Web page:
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Systematic (IUPAC) name
Legal status
Legal status
CAS Number 101343-69-5 YesY
ATC code none
PubChem CID 60575
ChemSpider 54604 N
Synonyms Ocfentanyl, A-3217
Chemical data
Formula C22H27FN2O2
Molar mass 370.460 g/mol
 NYesY (what is this?)  (verify)

Ocfentanil (INN) (also called A-3217) is a potent synthetic opioid structurally related to fentanyl[1] that was developed in the early 1990s as one of a series of potent naloxone-reversible opioids in an attempt to obtain an opioid that had better therapeutic indices in terms of cardiovascular effects and respiratory depression as compared to fentanyl.[2]

Study of the analgesic activity of ocfentanil using the mouse hot plate test (55 °C) gave an ED50 of 0.007 mg/kg compared to 0.018 mg/kg for fentanyl; ocfentanil being approximately 2.5 times as potent as fentanyl in this test.[3]

In human volunteers ocfentanil induces effective analgesia at 1 μg/kg, while in doses up to 3 μg/kg, analgesia and respiratory depression occurred in a dose-dependent manner. While a further study suggests that ocfentanil may be as effective as morphine in post-operative relief,[4] Ocfentanil was also studied as a supplement to general anaesthesia, in which the researchers concluded that it appears to be similar in action to fentanyl, with 3 μg/kg of ocfentanil approximately equivalent to 5 μg/kg of fentanyl.[5][6]

Side effects of fentanyl analogs are similar to those of fentanyl itself, which include itching, nausea and potentially serious respiratory depression, which can be life-threatening. Fentanyl analogs have killed hundreds of people throughout Europe and the former Soviet republics since the most recent resurgence in use began in Estonia in the early 2000s, and novel derivatives continue to appear.[7][8]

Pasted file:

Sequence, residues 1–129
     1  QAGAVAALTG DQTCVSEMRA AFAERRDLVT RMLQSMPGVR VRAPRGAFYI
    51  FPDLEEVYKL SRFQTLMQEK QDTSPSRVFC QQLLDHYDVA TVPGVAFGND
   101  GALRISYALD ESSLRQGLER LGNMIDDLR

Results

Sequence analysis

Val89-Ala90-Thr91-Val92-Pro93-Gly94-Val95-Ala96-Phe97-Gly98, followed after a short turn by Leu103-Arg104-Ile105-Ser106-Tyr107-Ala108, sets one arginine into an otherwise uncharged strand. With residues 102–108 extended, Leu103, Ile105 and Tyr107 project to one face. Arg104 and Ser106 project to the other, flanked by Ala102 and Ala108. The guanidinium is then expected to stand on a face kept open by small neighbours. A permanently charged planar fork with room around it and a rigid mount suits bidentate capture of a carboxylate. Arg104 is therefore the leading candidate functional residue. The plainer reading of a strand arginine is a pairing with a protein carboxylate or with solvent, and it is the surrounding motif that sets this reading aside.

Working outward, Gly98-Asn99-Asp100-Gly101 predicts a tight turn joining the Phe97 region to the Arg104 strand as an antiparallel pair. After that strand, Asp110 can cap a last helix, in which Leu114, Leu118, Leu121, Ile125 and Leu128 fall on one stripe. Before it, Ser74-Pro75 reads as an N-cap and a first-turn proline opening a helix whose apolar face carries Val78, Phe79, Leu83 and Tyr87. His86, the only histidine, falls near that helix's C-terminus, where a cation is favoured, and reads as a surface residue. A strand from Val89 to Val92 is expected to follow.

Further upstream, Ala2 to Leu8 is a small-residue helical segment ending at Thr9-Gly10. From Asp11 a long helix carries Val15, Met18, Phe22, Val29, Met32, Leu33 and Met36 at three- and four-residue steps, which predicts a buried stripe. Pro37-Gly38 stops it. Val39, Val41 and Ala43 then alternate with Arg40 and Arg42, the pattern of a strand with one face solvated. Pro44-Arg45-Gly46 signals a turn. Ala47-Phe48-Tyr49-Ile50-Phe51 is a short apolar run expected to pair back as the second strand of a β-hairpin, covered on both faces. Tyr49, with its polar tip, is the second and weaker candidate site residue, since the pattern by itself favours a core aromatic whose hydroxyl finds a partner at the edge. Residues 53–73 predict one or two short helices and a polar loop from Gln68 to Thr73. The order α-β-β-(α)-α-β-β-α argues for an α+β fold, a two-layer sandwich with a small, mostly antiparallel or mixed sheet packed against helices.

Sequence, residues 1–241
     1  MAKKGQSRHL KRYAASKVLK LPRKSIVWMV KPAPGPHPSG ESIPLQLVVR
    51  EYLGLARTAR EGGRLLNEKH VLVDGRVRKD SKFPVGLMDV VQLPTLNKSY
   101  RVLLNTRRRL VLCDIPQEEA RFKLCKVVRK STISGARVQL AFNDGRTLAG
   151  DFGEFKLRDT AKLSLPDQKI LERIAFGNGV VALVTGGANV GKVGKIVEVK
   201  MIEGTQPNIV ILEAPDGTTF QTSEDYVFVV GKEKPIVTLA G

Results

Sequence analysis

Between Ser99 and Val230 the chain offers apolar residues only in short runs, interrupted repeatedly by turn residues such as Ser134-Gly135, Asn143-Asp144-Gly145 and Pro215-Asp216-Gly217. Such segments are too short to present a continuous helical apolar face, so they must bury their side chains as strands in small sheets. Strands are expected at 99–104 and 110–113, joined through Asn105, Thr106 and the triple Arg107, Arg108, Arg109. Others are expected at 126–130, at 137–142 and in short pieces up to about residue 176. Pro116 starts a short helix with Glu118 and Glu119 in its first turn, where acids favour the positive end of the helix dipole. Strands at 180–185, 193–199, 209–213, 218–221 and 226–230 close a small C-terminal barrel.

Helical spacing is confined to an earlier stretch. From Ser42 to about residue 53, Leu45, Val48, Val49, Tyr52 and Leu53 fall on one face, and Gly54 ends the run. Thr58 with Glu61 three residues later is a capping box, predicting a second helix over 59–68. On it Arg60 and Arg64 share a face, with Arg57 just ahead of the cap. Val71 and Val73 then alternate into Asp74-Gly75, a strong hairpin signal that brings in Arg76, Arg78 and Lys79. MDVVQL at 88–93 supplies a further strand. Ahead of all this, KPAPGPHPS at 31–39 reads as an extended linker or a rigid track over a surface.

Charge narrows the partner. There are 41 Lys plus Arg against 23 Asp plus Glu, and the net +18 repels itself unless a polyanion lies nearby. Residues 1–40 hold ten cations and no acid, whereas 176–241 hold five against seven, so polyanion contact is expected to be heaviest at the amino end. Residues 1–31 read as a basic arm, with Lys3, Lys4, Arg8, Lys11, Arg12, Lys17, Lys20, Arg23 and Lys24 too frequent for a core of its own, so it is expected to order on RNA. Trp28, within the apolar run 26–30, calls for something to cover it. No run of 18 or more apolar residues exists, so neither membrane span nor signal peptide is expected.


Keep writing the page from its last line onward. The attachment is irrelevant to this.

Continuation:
Legal Status[edit]

As of October 2015 Ocfentanil is a controlled substance in China.[9]


Ocfentanil synthesis: U.S. Patent 4,584,303


  1. ^ Filer, C. N.; Nugent, R. P.; Huang, B. S. (November 1995). "The synthesis of [fluorophenyl-3H(N)] ocfentanil and [fluorophenyl-3H(N)] brifentanil". Journal of Labelled Compounds and Radiopharmaceuticals. 36 (11): 1019–1027. doi:10.1002/jlcr.2580361102. ISSN 1099-1344. 
  2. ^ US Patent application 2002/176888 A1
  3. ^ Bagley, Jerome R.; Kudzma, Linas V.; Lalinde, Nhora L.; Colapret, John A.; Huang, Bao-Shang; Lin, Bor-Sheng; Jerussi, Thomas P.; Benvenga, Mark J.; Doorley, Brian M.; Ossipov, Michael H.; Spaulding, Theodore C.; Spencer, H. Kenneth; Rudo, Frieda G.; Wynn, Richard L. (July 1991). "Evolution of the 4-anilidopiperidine class of opioid analgesics". Medicinal Research Reviews. 11 (4): 403–436. doi:10.1002/med.2610110404. ISSN 1098-1128. PMID 1875771. 
  4. ^ Glass, P.; Camporesi, E. M.; Martel, D.; Afifi, M. S. "The Analgesic Efficacy of A3217". Anesthesiology. 71 (Supplement). doi:10.1097/00000542-198909001-00321. 
  5. ^ Fletcher, James E.; Sebel, Peter s.; Murphy, Michael R.; Mick, Stephan A.; Fein, Seymour (November 1991). "Comparison of Ocfentanil and Fentanyl as Supplements to General Anesthesia". Anesthesia & Analgesia. 73 (5). doi:10.1213/00000539-199111000-00019. PMID 1952145. 
  6. ^ Ebrahim Z (1991). "Multiple dose evaluation of the efficacy of ocfentanil hydrochloride (A3217) to produce postoperative analgesia.". Anesthesia and Analgesia. 72. 
  7. ^ Mounteney, Jane; Giraudon, Isabelle; Denissov, Gleb; Griffiths, Paul (July 2015). "Fentanyls: Are we missing the signs? Highly potent and on the rise in Europe". International Journal of Drug Policy. 26 (7): 626–631. doi:10.1016/j.drugpo.2015.04.003. PMID 25976511. 
  8. ^ Dussy, F. E.; Hangartner, S.; Hamberg, C.; Berchtold, C.; Scherer, U.; Schlotterbeck, G.; Wyler, D.; Briellmann, T. A. (2016). "An Acute Ocfentanil Fatality: A Case Report with Postmortem Concentrations". Journal of Analytical Toxicology. doi:10.1093/jat/bkw096. ISSN 1945-2403. 
  9. ^ "关于印发《非药用类麻醉药品和精神药品列管办法》的通知" (in Chinese). China Food and Drug Administration. 27 September 2015. Retrieved 1 October 2015.